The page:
PERFORMANCE TO THE PUBLIC Since 1909 noncommercial radio has been exempt from the payment of copyright fees under the “not-for-profit clause." Public radio is asking the committee to continue this exemption by amending H.R. 2223 to reinstate the exemption for local public radio performances.

Without this exemption, classical music may well disappear from the airwaves. The number of commercial classical stations is dwindling. Two stations have changed formats just since your July 10 hearing, WHAS in Louisville and WBAL in Baltimore. The public radio stations are becoming the single source of over-the-air performance for classical composition. If payment is imposed, not only will the public lose a valued cultural service, but the young composers will lose the last remaining radio outlet for their works.

Why will this happen? I think there are four reasons. I will mention them briefly now and expand on them later in questioning:

(1) The inability to determine rights to classical music, since only one record company consistently provides that information. (2) The uncertainty over public domain music with the emergence of derivative or critical editions of previously public domain works. (3) The inability of the societies to guarantee that they cover 100 percent of the composers. Some estimates indicate only about 75 percent of classical cumposers belong to the societies. The stations could find themselves draing with individual composers in the hundreds. (4) The lack of inal station resources. Clearance requires the filling out of forms and mondireping. Public radio stations are required to operate 16 hours ajay, 7 days a week with an average full-time stati of eight people.

Frankly, Mr. Chairman, having never been subject to copyright paymerit, we don't know the full meaning of the inclusion. What we do k1.on is that we strain our resources to the limit daily to provide a pilis service to the print handicapped and to the general public interested in serious music. To impose the burden of copyright will Call us to curtail services to no one's benefit.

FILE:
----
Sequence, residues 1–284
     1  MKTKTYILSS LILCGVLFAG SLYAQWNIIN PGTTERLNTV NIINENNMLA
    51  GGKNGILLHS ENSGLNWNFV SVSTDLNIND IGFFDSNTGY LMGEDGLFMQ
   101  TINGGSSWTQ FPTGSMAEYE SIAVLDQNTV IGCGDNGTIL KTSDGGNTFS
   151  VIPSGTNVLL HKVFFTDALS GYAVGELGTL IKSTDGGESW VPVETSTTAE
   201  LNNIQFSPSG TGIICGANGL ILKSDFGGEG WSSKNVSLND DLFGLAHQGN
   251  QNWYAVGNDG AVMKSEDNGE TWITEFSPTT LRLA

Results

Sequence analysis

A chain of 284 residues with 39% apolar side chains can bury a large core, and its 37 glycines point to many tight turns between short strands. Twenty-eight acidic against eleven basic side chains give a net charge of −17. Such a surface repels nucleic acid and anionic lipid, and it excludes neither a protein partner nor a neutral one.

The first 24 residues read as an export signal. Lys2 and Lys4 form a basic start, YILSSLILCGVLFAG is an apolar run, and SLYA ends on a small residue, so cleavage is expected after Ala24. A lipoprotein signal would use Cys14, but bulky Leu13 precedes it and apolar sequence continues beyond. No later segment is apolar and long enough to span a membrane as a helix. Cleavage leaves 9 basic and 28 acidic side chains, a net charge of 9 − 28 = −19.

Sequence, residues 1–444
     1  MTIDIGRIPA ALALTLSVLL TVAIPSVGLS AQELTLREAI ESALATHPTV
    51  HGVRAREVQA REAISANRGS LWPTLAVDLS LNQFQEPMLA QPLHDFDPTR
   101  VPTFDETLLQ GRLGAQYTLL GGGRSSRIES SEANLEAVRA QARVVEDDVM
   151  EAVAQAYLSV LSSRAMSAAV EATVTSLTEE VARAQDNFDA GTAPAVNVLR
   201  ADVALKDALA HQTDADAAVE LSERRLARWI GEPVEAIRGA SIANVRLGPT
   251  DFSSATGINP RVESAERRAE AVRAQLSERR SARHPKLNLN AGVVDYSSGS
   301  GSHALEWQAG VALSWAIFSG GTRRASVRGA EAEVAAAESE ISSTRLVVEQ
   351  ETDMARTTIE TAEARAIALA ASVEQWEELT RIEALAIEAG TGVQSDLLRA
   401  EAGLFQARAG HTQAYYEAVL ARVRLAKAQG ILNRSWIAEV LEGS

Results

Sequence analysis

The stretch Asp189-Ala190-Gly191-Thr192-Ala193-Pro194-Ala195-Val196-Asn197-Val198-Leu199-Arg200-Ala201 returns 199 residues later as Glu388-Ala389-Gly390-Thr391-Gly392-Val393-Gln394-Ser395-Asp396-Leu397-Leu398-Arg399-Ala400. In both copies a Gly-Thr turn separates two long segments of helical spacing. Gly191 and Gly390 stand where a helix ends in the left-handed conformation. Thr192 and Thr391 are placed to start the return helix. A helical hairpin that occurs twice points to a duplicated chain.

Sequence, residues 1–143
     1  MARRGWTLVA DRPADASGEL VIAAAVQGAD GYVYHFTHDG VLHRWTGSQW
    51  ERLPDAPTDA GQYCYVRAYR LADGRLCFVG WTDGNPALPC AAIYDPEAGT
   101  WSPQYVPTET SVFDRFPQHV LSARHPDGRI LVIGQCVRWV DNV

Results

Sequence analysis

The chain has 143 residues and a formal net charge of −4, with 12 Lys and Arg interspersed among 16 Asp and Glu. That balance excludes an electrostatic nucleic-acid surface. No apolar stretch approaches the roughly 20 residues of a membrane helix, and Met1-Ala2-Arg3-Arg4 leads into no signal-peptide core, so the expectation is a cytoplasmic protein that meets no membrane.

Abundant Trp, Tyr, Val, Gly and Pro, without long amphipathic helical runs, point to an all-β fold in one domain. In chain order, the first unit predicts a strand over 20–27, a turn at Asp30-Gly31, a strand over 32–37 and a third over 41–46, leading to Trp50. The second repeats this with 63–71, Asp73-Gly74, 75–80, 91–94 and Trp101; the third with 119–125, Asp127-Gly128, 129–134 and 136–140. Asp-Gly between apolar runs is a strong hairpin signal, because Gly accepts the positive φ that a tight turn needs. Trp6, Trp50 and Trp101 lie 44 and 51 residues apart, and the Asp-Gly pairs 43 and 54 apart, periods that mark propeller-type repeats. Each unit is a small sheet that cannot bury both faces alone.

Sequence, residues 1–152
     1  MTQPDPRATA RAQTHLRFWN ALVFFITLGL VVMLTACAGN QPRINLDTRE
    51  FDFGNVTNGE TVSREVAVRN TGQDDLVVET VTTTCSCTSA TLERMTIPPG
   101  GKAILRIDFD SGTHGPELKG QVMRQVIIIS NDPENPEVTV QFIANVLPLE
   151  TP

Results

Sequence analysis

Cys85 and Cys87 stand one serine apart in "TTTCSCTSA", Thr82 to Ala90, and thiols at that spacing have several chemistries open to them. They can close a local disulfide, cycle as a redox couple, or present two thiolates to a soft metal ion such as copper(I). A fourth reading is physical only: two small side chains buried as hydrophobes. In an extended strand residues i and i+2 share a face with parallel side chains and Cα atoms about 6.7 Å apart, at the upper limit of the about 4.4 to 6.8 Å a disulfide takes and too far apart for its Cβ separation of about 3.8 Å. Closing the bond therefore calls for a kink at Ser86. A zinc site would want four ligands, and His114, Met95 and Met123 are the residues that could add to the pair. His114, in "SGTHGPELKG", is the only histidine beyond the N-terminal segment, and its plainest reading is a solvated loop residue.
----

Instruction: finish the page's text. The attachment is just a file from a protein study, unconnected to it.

Thank you, Mr. Chairman. Mr. KANTEN METER. Dr. Sheppard, do you have the text of the amend. vit colaminting of section 110, subsection (8)! We do not have it before us. Would you read it!

Dr. SHTEPPARD. Yes, certainly. This is a general section on uses of #tathat are exempt from copyright infringement :

Performance of a literary work in the course of a broadcast service specifically de ge for broadcast on noncommercial educational radio and television staU leo & print or oral handicapped audience.

Mr. Hochberg points out that the text is actually printed in Mr. Karpis statement he has prepared for submission at the bottom of P17 of that statement.

Jr. KASIT MER. Next, we would like to hear I wonder if you word make room for one of the other witnesses, and then you can T: ain there and you don't have to get up and so forth. I would like to muite Mr. Townsend Hoopes, president, Asociation of American Publinlers and, as well, Jr. Irwin Karp, counsel, Authors League of Aprica, Inc.


M:. Ilors. I will le merciful, Mr. Chairman, and I will be brief.

Mr. Chairman, my name is Townvnd I open. I am president of tie of American Publishers, a trade Or t ion composed of *' " mtely 200 member companies and wool:aries which a 70%. footnote than hal perrent of the dollar sales of look allda *!:01 al

seriale published in this country. Its mennyirellipinelvelee musier c! Invernity presns and other nonprofit publiku

We have lyn a kid to comment on what we under tid artro p**ameriments to HI.R. 3 put forwantis pelle loro 47